It’s always good to hear both sides of the story. Conway took to Twitter this morning to clarify his thoughts from the panel he was on with Superheroes‘ director Michael Kantor and fellow comics makers Todd McFarlane and Len Wein. It was during that panel that Think Progress’ Alyssa Rosenberg asked about sexism in superhero comics and got some disappointing answers.
NPR television critic Linda Holmes has spent the past couple of weeks tweeting from the Television Critics Association press tour, which ended with a panel on the PBS documentary Superheroes: The Never-Ending Battle. Debuting Oct. 8, the three-part miniseries was directed by Michael Kantor, who was on the panel with comic book writers Todd McFarlane, Len Wein and Gerry Conway.
Holmes noted that the panelists asked about the lack of diversity in superhero comics, but unfortunately, the response to that question wasn’t very satisfying. She paraphrases four reasons cited by the panel:
Conventions | The Orange County Register previews WonderCon, which returns this weekend to Anaheim, California, and selects some of the highlights from the programming schedule, including panels dedicated to “Batman: The Zero Year,” The True Lives of the Fabulous Killjoys, and Joss Whedon’s Much Ado About Nothing. [Orange County Register]
Conventions | The Detroit News runs down the upcoming slate of Michigan conventions dedicated to comics, anime, fantasy/sci-fi, horror and collectibles, ranging from Shuto Con to Kids Read Comics! to Detroit FanFare. [The Detroit News]
Comics | The Wall Street Journal takes a look at comics as investments. Interestingly, while the rare, old issues bring in the big money, some more recent comics, like the first issue of Saga, have appreciated quite a bit. There’s also an accompanying video. [The Wall Street Journal]
Retailing | ComicsPRO, the comics retailers’ association, held its annual meeting over the weekend in Atlanta, where the group bestowed its Industry Appreciation Award on Cindy Fournier, vice president of operations for Diamond Comic Distributors. Thomas Gaul, of Corner Store Comics and Beach Ball Comics in Anaheim, California, also was elected as president of the board of directors. [ComicsPRO]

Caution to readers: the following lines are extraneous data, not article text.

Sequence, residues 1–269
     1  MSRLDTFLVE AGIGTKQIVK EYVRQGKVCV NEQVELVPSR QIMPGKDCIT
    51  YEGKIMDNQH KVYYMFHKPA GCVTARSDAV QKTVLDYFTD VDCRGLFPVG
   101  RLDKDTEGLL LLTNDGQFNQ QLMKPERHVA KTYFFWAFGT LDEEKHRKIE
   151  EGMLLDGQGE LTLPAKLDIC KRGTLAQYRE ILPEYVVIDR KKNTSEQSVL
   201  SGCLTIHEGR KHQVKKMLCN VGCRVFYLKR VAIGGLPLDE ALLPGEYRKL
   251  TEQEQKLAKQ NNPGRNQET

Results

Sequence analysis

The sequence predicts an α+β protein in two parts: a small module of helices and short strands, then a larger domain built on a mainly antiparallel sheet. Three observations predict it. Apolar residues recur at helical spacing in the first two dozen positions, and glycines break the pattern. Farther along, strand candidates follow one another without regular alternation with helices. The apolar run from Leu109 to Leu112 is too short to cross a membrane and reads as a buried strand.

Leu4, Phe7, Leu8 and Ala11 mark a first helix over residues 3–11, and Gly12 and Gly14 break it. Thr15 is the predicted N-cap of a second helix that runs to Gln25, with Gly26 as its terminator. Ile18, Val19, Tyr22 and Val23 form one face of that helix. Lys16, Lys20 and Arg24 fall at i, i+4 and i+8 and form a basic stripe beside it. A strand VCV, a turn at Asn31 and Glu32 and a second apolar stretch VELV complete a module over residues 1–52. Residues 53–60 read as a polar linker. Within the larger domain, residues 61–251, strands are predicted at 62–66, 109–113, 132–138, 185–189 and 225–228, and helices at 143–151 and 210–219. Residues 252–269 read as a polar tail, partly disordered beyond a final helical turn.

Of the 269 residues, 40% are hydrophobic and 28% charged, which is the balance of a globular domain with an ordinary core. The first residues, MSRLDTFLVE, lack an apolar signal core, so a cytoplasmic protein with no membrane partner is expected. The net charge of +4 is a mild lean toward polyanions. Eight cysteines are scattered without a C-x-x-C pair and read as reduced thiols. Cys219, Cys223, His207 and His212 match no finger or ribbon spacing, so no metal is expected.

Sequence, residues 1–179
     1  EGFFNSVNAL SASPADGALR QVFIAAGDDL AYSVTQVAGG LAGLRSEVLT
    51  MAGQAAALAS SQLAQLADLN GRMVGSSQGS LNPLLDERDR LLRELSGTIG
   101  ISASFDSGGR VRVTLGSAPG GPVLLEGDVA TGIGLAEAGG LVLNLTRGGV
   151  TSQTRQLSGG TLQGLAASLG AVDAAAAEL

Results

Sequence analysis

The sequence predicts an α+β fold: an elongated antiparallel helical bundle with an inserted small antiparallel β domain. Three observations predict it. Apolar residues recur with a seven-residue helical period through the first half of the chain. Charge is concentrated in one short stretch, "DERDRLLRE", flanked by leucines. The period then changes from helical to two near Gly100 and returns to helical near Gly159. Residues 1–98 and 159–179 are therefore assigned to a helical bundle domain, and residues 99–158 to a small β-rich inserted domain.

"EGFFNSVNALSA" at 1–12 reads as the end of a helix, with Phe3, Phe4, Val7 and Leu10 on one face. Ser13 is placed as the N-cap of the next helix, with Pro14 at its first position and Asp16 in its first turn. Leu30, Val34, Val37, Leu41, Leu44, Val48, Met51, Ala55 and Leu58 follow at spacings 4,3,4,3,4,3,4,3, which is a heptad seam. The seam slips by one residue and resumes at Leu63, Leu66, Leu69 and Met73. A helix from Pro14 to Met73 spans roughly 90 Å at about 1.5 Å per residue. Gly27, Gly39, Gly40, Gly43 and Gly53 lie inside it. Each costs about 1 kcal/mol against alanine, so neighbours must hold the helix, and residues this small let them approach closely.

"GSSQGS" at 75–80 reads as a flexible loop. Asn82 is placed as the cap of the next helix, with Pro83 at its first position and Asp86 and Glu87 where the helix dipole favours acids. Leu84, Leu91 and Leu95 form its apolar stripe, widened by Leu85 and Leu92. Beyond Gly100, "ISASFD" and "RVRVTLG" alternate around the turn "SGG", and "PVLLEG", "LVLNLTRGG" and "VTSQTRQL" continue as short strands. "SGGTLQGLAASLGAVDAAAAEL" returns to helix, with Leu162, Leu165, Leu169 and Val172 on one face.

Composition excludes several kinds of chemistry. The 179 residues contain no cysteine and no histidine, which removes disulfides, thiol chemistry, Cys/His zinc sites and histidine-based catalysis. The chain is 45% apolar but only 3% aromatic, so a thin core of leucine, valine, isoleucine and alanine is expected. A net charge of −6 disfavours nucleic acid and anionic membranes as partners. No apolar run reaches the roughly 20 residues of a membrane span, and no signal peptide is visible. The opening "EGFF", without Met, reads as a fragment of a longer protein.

With Black History Month here, a piece by Joseph Hughes on the `lack of black writers at Marvel and DC Comics has received justifiable attention. It’s an issue that deserves as serious a consideration as the recent arguments for female creators, and it’s something that can really be applied to every minority. Diversity strengthens comics: It brings new voices, new ideas, new perspectives. And seeing that ethnic and cultural diversity reflected within the fictional universes of superhero comics can be life-changing.
I grew up white in Whitesville, an insular community in a small northeastern Massachusetts town. I didn’t know a single non-white person until I went to a new school in fourth grade — and then I knew one non-white person. I still remember the bullying he received; I’d never seen it in real life. My first day there, during gym class, I thought they must be kidding but they weren’t. I don’t remember any teachers ever standing up against it. Sure, they would chastise the general rowdiness but not the racially-specific name calling he got. And when the poor kid would finally lash out, flailing within a sea of ugliness, he would be swiftly escorted out of the classroom. Class would resume without him, pretending his outburst wasn’t the most emotionally honest reaction one could have in that kind of environment. He was written up, sent home, I’m not sure. I was the shy new kid, I had no idea how to respond to it. By junior high, he had vanished. For about the first decade and a half of my life, that was my real-world experience with “diversity.”